Where Does My Money Go is an interactive software program that teaches students about money handling, shopping skills, paying bills, and planning for unforeseen events (both good and bad).

Survival Signs is an intuitive program that teaches students about important signs in their communities and school.  For example, stop signs, bus stops, and bathrooms.

The Job Survival Software Series is a package of programs that guides students through lessons on skills needed for the workplace, including appearance, attitude, following directions, attendance, literacy, and expectations. After the lessons, the students are required to answer questions based on the lessons.

PCI Education offers many different tools for teaching and learning with special education students.  I would definitely suggest checking out their site!

Other Special Education Functional Skills Software Choices

Ed By Design is an Australian-based company that created functional skills software for special education.  They offer software programs where students can learn about people, places, and activities through flashcards, sentence completion activities, and selecting symbols.

Cactus Kids is a company that offers computer learning and arcade-style games for students with physical disabilities.  All of their activities use a system of switches, inputs similar to a mouse, but larger and with one function per switch, to make for easier input for students with physical disabilities.  One of the programs, In Sequence – Daily Living Skills, teaches students about activities and their order of completion.  Students have to select the images that break down the steps of completing everyday tasks like eating, brushing teeth, and locking a door, and then put the photos into the order in which the tasks should be completed.

Article by Laura Ketcham

Phot by Môsieur J. [version 3.0b]

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Growing Towards the Future – Special Education Experience

Sometimes it’s the little things in life that add up.

At South-Doyle Middle School in Knoxville, Tennessee, special education teacher, Brad Bowles got a group of his students together who weren’t afraid of a little dirt to help him build and grow a beautiful garden.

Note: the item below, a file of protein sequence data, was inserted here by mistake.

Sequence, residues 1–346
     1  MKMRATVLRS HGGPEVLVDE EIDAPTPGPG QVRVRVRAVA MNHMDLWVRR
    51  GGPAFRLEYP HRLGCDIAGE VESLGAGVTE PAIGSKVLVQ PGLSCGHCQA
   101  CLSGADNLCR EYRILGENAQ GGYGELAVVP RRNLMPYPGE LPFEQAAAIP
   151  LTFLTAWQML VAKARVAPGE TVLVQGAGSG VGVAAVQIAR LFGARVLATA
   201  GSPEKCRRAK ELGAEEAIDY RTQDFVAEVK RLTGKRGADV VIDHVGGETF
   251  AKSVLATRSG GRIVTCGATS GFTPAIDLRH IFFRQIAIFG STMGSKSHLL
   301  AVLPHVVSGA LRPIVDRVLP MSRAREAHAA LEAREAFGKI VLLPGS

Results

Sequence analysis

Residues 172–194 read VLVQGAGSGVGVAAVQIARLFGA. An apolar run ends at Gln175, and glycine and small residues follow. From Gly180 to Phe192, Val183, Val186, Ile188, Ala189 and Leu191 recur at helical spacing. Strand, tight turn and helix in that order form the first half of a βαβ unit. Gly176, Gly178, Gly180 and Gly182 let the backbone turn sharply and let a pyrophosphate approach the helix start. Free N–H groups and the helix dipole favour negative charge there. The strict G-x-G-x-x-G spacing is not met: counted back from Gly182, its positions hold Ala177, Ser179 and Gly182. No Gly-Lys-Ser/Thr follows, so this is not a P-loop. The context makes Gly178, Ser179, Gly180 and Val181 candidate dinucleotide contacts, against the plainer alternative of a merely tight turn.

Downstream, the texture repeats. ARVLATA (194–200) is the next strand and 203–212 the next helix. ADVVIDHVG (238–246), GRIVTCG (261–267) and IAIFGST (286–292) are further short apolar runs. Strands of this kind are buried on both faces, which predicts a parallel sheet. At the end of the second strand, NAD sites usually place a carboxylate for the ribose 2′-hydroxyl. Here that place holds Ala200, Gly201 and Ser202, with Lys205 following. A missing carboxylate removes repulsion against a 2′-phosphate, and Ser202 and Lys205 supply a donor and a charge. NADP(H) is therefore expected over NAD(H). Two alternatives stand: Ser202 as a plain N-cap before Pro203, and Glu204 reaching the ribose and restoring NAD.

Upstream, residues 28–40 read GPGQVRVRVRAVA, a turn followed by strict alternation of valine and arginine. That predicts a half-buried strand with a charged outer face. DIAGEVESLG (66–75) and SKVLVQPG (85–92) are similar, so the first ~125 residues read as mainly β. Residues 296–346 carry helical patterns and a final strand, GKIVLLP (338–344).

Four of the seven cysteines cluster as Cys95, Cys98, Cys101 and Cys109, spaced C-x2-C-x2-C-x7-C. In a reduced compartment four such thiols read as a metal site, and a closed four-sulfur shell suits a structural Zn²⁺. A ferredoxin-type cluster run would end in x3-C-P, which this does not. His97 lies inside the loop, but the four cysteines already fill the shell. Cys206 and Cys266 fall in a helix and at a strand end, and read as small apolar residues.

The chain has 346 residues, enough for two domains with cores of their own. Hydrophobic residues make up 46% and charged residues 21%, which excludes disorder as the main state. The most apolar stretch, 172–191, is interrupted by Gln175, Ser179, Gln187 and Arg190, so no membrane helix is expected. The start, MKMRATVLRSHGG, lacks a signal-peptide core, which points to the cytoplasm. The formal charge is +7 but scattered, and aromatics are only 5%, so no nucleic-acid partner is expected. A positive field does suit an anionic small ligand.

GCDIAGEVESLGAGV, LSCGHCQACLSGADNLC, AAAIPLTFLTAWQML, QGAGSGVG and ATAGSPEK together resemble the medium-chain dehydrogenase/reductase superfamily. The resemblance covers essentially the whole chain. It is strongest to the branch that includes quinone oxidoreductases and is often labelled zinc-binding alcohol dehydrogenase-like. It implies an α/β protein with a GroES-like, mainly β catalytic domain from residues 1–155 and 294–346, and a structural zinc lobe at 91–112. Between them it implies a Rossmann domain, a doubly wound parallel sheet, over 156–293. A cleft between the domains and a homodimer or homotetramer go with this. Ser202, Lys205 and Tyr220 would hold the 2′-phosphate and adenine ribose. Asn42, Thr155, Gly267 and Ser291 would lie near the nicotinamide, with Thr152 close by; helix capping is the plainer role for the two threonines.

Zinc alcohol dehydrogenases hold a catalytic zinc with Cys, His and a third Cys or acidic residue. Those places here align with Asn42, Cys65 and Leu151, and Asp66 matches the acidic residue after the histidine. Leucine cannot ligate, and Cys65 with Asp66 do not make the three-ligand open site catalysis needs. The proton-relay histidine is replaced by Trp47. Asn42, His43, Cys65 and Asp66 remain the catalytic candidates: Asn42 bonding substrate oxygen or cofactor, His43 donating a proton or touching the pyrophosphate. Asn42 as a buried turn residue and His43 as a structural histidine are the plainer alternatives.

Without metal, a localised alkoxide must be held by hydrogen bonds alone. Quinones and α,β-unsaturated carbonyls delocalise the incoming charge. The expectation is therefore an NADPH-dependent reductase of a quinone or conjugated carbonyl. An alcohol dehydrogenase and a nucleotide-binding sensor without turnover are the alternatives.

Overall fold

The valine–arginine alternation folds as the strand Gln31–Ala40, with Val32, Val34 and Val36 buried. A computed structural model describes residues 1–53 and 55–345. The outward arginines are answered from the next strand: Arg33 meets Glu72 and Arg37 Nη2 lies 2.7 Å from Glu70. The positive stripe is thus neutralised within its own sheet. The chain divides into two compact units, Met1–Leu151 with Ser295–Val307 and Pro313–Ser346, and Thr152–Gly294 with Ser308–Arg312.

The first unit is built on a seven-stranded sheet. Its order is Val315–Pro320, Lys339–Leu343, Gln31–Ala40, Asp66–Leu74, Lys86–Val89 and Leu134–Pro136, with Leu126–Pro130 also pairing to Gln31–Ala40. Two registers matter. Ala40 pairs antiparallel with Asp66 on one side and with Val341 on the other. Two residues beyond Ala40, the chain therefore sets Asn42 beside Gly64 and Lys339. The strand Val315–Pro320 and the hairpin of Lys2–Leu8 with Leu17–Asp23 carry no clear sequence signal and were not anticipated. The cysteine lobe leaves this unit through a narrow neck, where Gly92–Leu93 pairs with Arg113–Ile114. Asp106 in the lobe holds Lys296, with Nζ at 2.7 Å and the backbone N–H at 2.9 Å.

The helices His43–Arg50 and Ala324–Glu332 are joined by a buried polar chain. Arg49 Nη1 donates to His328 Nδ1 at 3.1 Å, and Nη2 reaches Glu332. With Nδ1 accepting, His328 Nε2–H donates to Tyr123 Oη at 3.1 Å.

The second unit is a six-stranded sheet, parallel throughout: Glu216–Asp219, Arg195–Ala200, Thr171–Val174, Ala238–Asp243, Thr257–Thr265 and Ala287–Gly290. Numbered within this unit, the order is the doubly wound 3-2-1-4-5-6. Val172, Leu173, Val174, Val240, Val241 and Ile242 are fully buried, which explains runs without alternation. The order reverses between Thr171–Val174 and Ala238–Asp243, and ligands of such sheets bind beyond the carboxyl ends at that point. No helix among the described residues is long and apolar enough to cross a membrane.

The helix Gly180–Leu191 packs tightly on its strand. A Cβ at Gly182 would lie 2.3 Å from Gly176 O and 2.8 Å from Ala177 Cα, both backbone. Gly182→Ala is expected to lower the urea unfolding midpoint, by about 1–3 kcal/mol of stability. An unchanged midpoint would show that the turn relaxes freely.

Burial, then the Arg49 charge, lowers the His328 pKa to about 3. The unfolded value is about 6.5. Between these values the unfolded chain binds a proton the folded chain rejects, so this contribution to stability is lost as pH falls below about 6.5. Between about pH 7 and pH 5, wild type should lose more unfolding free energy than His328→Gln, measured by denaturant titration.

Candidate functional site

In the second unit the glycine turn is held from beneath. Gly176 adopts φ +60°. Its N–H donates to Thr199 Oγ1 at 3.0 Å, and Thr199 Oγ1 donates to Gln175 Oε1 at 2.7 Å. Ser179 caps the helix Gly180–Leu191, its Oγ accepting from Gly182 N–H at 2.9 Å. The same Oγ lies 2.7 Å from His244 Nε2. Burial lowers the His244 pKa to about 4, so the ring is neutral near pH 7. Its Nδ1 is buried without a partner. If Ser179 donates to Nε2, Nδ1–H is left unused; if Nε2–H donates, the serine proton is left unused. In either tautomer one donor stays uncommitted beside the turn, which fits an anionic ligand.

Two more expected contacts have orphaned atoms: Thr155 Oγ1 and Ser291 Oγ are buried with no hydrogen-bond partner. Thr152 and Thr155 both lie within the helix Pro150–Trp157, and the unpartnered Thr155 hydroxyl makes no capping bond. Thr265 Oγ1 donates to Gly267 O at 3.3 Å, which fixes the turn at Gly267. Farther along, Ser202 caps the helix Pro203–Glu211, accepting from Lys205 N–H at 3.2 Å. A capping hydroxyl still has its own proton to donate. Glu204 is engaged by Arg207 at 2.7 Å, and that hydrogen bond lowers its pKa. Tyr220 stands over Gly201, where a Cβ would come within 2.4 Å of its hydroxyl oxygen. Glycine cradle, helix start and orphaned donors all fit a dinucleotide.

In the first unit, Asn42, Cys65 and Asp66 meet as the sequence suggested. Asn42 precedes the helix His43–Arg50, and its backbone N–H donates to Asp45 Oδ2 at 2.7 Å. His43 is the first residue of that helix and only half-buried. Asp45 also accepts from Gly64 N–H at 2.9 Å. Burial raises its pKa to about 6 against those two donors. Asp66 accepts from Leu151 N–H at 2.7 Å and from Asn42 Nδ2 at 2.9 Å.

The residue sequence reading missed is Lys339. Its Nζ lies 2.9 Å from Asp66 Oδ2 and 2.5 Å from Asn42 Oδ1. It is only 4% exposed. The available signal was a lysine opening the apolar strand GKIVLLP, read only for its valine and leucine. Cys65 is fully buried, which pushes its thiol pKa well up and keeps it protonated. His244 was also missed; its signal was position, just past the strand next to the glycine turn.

Brad wanted to create an outdoor learning environment for his students. By working together, they have created a garden full of various fruits and vegetables. Teamwork, according to Brad, is the secret to making your garden grow.

Despite the fact that the students have different disabilities and some use wheel chairs, they still work hard at helping the garden grow. The practice they get with the garden is giving them hands-on experience for real life job and life skills.

The students in the class had to apply for each job that they currently have. They dressed up and filled out applications. They then interviewed with their teacher and principal. Tears of joy when they got accepted for these positions proved to everyone how important this was for them. Little joys like these are great for learning important skills for the real world.

The class hopes to soon be able to add a picnic table and a shed to their gardening class. With academic skills, job skills and social interaction with the whole school, this is a great opportunity for students to learn and grow.

The students in the class take pride in their jobs. They each hold a different role and responsibility towards helping the garden grow. Working together, they can help each other work towards the future.